(253)  Commission Staff Working Paper, Impact Assessment for financial disclosures on a country by country basis , 2011
(254)  Article 43 and 41 of the Accounting Directive
(255)  Ministry of Finance (Norway) “ Forskrift om land-for-land rapportering
(256)  Source: European Banking Authority
(257)  Source: Centre for European Policy Studies (CEPS)
(258)  Source: Orbis
(259)  CRD4, Recital 52
(260)  Very large limited liability banks would also have in any case to report an ATAP type of CBCR to tax authorities. All CBCR models seek information on the turnover, number of employees, profit before tax and tax amounts. Despite the apparent similarity, there is likely to be differences in details. For instance the group's consolidation scope of a "bank" CBCR should be based on prudential requirements, whereas this is not necessarily the same scope as per GAAP. Technical specification in either regime regarding tax paid/accrued, geographical aggregation of certain data, etc. may result in slightly different figures from one regime to another. Those slight differences may not be worth the burden of pursuing different regimes.
(261)  This would also have the advantage of avoiding thorny interpretational questions with respect to the 'boomerang' clause set out in Article 89(5) of the CRD4
(262)  This refers to the concept of 'large companies' as defined in the Accounting Directive (Article 3). Large groups exceed at least two of the three following threshold criteria applied to the balance sheet of the parent undertaking: (a) a balance sheet total of at least EUR 20 million, (b) an annual net turnover of at least EUR 40 million, (c) an average of at least 250 employees during the financial year.
(263)  This figure should be read as lower bound of a range where the upper bound is subject to considerable uncertainty as a result of data availability and comparability; it cannot be excluded that the upper bound could be as high as 100,000 firms in the EU.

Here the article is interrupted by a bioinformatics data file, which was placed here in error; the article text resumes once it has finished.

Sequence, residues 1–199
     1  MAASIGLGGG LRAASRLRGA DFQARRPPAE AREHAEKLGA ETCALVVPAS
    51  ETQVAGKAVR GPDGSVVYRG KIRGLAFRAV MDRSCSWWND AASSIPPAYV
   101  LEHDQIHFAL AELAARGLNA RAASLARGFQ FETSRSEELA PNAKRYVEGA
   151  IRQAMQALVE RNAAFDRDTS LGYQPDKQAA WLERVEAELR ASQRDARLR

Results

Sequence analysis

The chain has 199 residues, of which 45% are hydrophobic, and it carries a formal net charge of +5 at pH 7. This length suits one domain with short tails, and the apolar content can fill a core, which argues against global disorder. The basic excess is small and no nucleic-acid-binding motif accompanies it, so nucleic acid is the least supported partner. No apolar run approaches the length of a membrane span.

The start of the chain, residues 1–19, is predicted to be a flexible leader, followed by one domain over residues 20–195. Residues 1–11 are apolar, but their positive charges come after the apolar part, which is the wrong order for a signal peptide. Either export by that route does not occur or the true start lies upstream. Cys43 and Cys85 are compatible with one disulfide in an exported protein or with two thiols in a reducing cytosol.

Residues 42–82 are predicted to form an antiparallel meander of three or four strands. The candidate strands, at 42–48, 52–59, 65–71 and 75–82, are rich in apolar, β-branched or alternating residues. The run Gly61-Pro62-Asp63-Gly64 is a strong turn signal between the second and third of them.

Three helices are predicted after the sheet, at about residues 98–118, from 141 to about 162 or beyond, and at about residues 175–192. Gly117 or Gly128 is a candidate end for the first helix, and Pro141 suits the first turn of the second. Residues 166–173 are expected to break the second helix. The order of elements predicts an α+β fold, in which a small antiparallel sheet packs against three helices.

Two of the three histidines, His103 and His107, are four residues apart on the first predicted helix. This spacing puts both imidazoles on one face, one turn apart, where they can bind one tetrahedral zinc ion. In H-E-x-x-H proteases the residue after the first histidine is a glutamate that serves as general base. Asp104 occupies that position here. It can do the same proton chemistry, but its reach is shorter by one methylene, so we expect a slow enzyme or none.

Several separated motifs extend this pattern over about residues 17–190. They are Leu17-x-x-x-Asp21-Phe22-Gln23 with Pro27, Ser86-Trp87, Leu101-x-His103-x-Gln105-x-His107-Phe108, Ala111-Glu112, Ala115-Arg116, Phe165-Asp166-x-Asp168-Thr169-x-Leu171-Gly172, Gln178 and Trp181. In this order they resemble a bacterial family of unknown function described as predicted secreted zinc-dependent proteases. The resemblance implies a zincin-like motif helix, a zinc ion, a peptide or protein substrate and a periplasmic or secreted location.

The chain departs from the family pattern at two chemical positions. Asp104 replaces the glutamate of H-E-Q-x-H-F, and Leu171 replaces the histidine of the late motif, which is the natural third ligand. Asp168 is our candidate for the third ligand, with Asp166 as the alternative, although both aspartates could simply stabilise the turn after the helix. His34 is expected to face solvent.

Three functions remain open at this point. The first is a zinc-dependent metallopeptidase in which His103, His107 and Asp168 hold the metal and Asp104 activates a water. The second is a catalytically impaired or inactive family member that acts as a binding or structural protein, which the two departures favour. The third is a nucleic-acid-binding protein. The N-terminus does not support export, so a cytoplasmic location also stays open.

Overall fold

(264)  This excess over cost was first systematically discussed by Schumpeter (1908).
(265)  Schumpeter (1908) arrived at the (pessimistic) view that in the long run firms in a competitive environment would not be able to sustain a sufficiently high level of R&D expenditure which is why the state would have to organize basic research instead. Japan, in some sectors where upfront development costs are particularly high, followed up on this reasoning, and for some time was very successful in R&D intense industries. Also, a Commission working paper showed how the U.S. used large public investments to kick-off R&D intense sectors (Denis et al 2005). Policies in those two highly industrialized nations and the constant struggle of firms to protect their product and process innovations from being copied by competitors have more than confirmed the writings of Schumpeter.
(266)  A recent U.S.-based anecdote for this challenge was the going private of Dell. Having built one of the leading computing hardware producers, the firm's founder observed in 2013 that his vision for the firm had become impossible to reconcile with the expectations of the firm's shareholder base about short-term distribution of profit. While he saw the need to put additional capital at risk to ensure the economic future and growth of the firm, shareholders showed a preference for short-run profits.
(267)  An example often cited is the Calpers fund in the U.S. who invests lifetime savings of state, school, and public agency members who save for their pensions and healthcare.